Full CircleJane St. Clair
In June of 1992 I pulled into the Miramar in my '81 Datsun hatchback. I’d just graduated from CalArts and this was the first stop out of that creative hothouse, after three years of holy uninterrupted work. I’d sent a VHS copy (yes, it was that long ago) of the musical that was my master’s thesis and Mary Conrad wrote back with a scholarship invitation, courtesy of Robert Fulghum in honor of his retired fictitious secretary, Emily Phipps. When I met Mary in the registration line late that afternoon, I wished I’d dressed for the occasion. Because this woman was put together. If Lauren Bacall were to have a savvy sister in To Have and Have Not, it would have been Mary. She exuded an offhanded elegance that made me want to run change out of my shorts into something nice for dinner. And to further her rank, she treated me like gold. She brought me into the fold with a name tag and congratulations and introductions to teachers and students all around. I masked my terror of large groups with a cheerful face, which she saw right through as she put her arm around me, nodded to the mayhem and smiled.
“Thank you—” I began. “Have fun,” she said. Barnaby took my hand, almost as an afterthought: relaxed in his linen shirt and killer hat, as if to say, ‘Don’t sweat it, kid.’
That first night Ray Bradbury reminded me that it was my birthright and privilege to witness and celebrate with words on the page — and to never give up. But it was the first dark morning after midnight that set the tone for the next 18 years to come. Little did I suspect it at the time as I sat in the basement of the Conference building, with Shelly Lowenkopf presiding over his Pirate Workshop. I listened with an insatiable appetite for the well-told story and was not disappointed. This was the opposite of AA: this was Story Central, with a room full of insomniacs. A handful of them have since become family. When it was my turn to read that first time, I felt the room gather around me. That same morning and some little time before sunrise, Monte Schulz introduced himself and asked to see the pages I’d brought. He read them and walked me across the parking lot with his characteristic fifth-gear vigor and filled me in on his latest chapter, favorite writers and then asked me how much of this one or that one I’d read. This was a magic time that began that June and continued for a handful of years until the Miramar was sold. The stories, chapters and scenes read during Shelly’s Pirate workshops are still with me: Yvonne Nelson Perry, Jean Harfenist, Marianne Dougherty, Monte, Carmen Madden, Catherine Ryan Hyde — each took a turn at the podium and the sense of homecoming for me was palpable and electric. And lunchtime, as I downed an extra large coffee in the bright sunlight at the Boxcar Cafe, I felt like Dorothy when she woke to the black-and-white world and looked around to all the familiar faces: “And you were there. And you...and you!” Waves were breaking outside my window and my heroes were speaking after dinner: William Styron, the elder statesmen of truth and risk who woke the sleepwalkers with his elegant prose; I remember walking behind him, en route to the dinner late one afternoon, too smitten to speak. This is now a big regret. Charles M. Schulz, who gave me, a once blanket-toting toddler and often bossy little girl, the green light to be exactly who I was. I heard him speak in the Conference room several times over the years. One night he came into the Pirate workshop and there was an empty chair beside me on the last row, where he sat as Monte read from his big book, Crossing Eden, long before it turned into three novels. He smiled when Monte finished reading and I saw it and counted another conference moment I’d pocket for treasure.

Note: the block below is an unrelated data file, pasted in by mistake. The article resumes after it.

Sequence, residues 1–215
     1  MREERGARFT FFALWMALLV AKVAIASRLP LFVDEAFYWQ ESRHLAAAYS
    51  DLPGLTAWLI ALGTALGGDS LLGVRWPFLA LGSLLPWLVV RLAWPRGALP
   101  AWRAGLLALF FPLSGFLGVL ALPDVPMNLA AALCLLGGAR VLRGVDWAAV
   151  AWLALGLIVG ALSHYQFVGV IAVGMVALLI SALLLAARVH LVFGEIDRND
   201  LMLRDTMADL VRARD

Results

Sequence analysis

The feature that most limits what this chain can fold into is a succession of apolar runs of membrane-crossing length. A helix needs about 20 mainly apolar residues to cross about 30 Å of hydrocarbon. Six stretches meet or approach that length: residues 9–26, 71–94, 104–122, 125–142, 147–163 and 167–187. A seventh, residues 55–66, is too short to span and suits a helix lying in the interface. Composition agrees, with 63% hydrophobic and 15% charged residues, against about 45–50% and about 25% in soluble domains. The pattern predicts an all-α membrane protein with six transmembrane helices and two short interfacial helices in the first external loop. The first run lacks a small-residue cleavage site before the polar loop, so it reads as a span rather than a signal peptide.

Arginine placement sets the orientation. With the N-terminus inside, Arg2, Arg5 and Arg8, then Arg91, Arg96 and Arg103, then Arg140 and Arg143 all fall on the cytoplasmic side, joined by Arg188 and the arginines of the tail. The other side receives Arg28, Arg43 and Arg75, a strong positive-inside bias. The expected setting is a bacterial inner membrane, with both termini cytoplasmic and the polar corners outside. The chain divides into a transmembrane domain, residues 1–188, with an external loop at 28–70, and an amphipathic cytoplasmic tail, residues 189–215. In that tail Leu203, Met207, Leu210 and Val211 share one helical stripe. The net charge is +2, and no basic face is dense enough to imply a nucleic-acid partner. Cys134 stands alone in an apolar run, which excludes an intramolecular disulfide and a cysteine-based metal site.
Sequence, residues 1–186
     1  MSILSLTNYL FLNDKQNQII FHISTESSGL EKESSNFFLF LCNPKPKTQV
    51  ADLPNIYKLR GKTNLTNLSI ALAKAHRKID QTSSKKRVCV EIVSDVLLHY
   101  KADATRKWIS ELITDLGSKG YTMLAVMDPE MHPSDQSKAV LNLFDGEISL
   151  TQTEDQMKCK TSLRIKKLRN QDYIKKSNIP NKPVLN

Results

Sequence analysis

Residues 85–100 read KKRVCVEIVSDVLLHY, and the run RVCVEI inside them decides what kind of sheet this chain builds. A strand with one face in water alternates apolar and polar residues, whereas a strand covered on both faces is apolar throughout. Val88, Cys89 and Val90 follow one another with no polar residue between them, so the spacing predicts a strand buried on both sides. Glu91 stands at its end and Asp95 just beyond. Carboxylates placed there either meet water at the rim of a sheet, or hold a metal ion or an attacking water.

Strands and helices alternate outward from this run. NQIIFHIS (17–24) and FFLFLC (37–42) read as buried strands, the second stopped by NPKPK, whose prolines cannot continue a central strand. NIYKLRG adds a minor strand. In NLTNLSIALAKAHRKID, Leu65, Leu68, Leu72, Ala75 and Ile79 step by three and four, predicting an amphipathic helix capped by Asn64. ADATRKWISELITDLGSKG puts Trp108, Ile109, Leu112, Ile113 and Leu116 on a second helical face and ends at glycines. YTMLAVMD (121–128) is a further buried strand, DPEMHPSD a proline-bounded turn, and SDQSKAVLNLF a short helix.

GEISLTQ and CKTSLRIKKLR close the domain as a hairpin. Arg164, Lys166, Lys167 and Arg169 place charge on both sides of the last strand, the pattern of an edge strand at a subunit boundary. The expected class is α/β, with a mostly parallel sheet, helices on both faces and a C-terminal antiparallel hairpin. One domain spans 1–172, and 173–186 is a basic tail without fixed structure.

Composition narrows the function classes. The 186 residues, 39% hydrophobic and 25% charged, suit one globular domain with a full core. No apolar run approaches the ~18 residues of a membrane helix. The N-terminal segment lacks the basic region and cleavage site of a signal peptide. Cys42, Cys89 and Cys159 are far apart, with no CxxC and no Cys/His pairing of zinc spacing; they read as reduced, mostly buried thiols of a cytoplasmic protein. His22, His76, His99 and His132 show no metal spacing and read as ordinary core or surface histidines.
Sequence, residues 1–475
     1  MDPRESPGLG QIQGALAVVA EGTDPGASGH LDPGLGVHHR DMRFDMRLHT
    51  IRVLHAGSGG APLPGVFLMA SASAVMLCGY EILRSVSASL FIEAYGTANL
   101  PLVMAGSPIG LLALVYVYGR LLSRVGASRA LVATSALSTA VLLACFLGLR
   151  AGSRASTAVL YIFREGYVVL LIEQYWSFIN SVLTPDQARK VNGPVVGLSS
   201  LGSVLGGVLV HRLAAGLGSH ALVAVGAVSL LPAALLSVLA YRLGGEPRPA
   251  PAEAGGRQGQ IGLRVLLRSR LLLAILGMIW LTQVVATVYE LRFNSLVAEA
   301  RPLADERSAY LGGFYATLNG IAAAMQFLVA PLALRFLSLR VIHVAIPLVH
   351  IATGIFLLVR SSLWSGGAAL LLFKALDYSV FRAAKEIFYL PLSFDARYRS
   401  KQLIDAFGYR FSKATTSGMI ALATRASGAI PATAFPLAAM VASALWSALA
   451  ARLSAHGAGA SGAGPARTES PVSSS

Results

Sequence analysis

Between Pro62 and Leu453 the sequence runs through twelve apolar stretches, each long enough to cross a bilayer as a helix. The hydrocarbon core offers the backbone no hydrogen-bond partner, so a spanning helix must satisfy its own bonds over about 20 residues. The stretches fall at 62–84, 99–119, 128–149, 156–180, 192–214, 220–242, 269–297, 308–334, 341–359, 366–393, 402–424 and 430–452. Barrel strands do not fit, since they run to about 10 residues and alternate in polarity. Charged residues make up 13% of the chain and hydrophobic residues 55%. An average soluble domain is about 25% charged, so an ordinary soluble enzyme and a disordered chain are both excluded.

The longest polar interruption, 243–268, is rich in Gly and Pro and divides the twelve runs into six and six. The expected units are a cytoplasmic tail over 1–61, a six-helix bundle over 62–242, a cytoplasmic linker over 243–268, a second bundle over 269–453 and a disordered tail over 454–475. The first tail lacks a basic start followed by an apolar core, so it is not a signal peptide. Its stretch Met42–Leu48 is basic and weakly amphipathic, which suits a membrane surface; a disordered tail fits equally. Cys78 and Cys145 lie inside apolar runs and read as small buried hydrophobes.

Fast forward to this last June and Monte is at the head of a long table in the conference room of the Mar Monte hotel, telling all the workshop leaders there that the Santa Barbara Writers Conference is not something he chose to take on out of anything more than a wish: that it not die. Monte, in his rough-coat bravado, was speaking in a few sentences to what it is I’ve spent two long paragraphs on here. I’m sure he has his own reserve of moments that have informed this decision, but never mind, because just at that moment, in they come: Barnaby and Mary, characteristic elegance in legato now, as Barnaby’s ensemble now includes a cane to go with the hat, a cane that no doubt carries its own short story. They cross the room to applause, subdued panache unchanged.
“How’s everything?” I ask Mary after the group breaks up to tour the rooms for the upcoming June conference. “Good. Barney’s just out of surgery.” “He looks good,” I say. And he does. “How are you?” Not one to bow to sentiment, she returns with a line to do Bacall proud. “Well, I don’t have to worry about your scholarships anymore.” Scholarships that she processed for many years to come after that first summer at the Miramar. She smiles when I laugh. “Thank you.” And I say it again when Barnaby takes my hand.
Jane St. Clair is a published poet and songwriter, living in Santa Monica and Santa Barbara. http://www.janestclair.com/